Saturday, December 22, 2018

Patagonia: Prologue

Now I'm running to the end of the earth.
Everywhere I turn all the beauty just keeps shaking me.
 --The Indigo Girls

Almost as soon as I got off the Inca Trail more than two years ago, I wanted more: more Andes, more trekking, more all-encompassing, breathtaking beauty. I'm not the only one for whom the Inca Trail was the gateway drug to the W trek in Torres del Paine National Park. I'm also not the only one who thought it the W would be "easier"--as we were coming down the east end of the trail, we overheard a woman going up saying to her partner, "you told me this would be easier than Macchu Pichu!"

So once the urge was in place, we we had to make it happen? Who's we? As with the Peru trip, I wanted this badly enough that I was willing to do it on my own, even though that wasn't my preference. As I started drawing up the trip, I asked everyone who might be up for a lot of trekking. Kiera (see: Balkans) was the first to come close to committing, but ended up dropping out. She nevertheless influenced the trajectory of the trip for the better by insisting on Tierra del Fuego (I was considering dropping it for more time in Patagonia itself) and pushing us into November rather than more crowded December. Jay was noncommittal for a while but ultimately dove in, so we ended up being Jason and I, later joined by Alex for a post-Patagonia week in and around Santiago.

It was a complicated trip, a heavy logistical lift—you can see that it didn’t happen immediately—and the reservations had to be made many months in advance. In fact, when we were reserving refugios in June, a couple had already sold out and we ended up in a pre-set tent our second night of the trek. I initially preferred tents, but Jay wanted the much pricier refugios (bunk beds), and he was right. The tent was uncomfortable and exposed us to the sounds of the late-night revelers.

As I plotted out potential itineraries, it seemed so complicated that I wanted to give up and sign onto a tour. There looked like a lot of inevitable backtracking and epic bus rides. It also looked like it would have to be very expensive, with or without a tour. The least unreasonable tours did not include any trekking, and being driven around national parks rather than trekking them would have made me lose my mind. I tried to get a sense of what the tours were giving you for so much of your money, and it turned out to be not much. They were essentially overpaying themselves for making the bookings, which we could more than handle ourselves. We debated which way to go and opted for Argentina-to-Chile because it was exorbitant to fly into Santiago on our dates.

I booked my flights for a reasonable amount of miles, and booked some internal ones that I later comped with points. Argentina had just recently walked away from a two-tiered flight-pricing system, and one no longer had to fly between countries to avoid getting ripped off. Lodging was pretty reasonable, and food wasn’t cheap, but it also wasn’t unaffordable. The ferry from Puerto Natales to Puerto Montt as well as the newish airport in Calafate--which enabled us to fly rather than bus there--eliminated a lot of the backtracking we were worried about. The ferry was our single biggest expense, but it was a bargain compared to the cruises. Because we made most of the arrangements in May and early June, the trip was largely paid for by the time I had to redo the kitchen in July; it would’ve been irresponsible not to go.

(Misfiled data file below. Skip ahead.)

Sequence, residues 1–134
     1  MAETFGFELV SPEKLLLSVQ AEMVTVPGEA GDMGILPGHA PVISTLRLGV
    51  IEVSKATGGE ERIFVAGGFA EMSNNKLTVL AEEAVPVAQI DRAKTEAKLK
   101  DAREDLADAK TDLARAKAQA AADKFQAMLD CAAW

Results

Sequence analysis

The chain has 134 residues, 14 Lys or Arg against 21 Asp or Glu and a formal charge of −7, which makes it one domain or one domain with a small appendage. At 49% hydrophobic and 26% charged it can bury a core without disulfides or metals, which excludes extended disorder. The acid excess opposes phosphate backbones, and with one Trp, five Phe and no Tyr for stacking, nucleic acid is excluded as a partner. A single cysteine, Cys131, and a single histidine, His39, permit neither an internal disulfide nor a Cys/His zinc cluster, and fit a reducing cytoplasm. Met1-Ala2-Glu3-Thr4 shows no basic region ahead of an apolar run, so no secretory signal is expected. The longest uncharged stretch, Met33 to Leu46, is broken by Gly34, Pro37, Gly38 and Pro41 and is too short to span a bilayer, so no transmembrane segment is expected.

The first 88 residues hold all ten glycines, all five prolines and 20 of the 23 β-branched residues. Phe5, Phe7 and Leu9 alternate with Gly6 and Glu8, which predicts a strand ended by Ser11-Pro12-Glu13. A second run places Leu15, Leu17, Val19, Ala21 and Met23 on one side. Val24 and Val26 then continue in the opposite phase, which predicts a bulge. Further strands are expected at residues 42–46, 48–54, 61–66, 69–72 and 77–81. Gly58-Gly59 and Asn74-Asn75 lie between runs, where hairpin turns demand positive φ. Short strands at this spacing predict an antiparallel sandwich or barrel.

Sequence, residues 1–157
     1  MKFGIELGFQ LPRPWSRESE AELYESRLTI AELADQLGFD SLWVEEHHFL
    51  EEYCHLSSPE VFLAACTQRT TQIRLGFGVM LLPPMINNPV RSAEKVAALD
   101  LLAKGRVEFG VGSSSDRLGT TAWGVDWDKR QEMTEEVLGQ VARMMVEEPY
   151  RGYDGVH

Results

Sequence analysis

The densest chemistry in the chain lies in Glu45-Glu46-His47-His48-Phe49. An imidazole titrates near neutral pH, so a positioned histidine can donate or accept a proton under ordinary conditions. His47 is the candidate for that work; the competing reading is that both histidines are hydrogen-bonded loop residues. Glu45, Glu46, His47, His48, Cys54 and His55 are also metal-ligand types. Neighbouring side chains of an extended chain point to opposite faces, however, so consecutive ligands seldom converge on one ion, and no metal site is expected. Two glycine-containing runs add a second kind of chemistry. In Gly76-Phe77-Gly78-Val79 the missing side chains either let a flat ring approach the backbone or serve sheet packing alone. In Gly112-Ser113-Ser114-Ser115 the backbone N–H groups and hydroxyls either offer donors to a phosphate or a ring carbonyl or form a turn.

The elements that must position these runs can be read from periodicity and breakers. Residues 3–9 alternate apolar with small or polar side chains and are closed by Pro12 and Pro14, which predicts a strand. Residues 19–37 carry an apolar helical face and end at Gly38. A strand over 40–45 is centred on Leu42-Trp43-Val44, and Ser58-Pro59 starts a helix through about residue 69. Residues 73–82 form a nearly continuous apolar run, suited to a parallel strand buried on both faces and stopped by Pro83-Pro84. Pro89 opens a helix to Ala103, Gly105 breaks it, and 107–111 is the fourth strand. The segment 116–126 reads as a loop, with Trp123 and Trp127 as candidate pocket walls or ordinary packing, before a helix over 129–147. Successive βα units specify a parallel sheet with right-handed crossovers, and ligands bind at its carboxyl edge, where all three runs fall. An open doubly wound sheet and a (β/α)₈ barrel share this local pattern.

It was a tight itinerary, without much give for delays or other snags. I originally planned to leave on Black Friday but, in light of my experience two years ago, opted to skip out on Thanksgiving to give American a full day to get me to Buenos Aires before I’d have to catch a plane to Ushuaia on Saturday morning (I even opted for a three-hour layover because the just-over-an-hour one scared me). Jason couldn’t leave earlier and would meet me in Ushuaia Saturday night. I’d have loved more than a day in Ushuaia, but we didn’t have a day to spare: the ferry leaves Puerto Natales once a week on Mondays (well, technically Tuesdays but you have to board on Monday), so we’d have to get off the W the same Monday, meaning we’d have to get on on Friday and get everything else in before that. We were entirely mentally prepared for glitches and delays, and were pleasantly relieved when only insignificant ones--those that didn't upend the itinerary--came to pass.

Between the summer, when the trip got real—i.e., booked and paid for—and the run-up, I was largely distracted by work, by the kitchen, and even by the logistics themselves, I’d dreamt of this for so long that I couldn’t believe it was real even when it was time to pack. I prepped the backpack (my REI disaster of a year ago ultimately yielded the best, most ergonomic backpack for petite women) and stuffed my ultralight sleeping bag into its sack. I consulted my extensive packing lists—nothing could be left to chance—and indeed I forgot nothing. The immediate run-up to the trip was my usual frantic: haircut the weekend before, followed by lots of cleaning and packing. A half-day before the trip, with the second half at the dentist and chiropractor and then more cleaning and packing, with only the last-minute stuff left to the day of the trip.
It was worth all the planning and preparation and scrambling, all the dreaming. 

It started in Buenos Aires.

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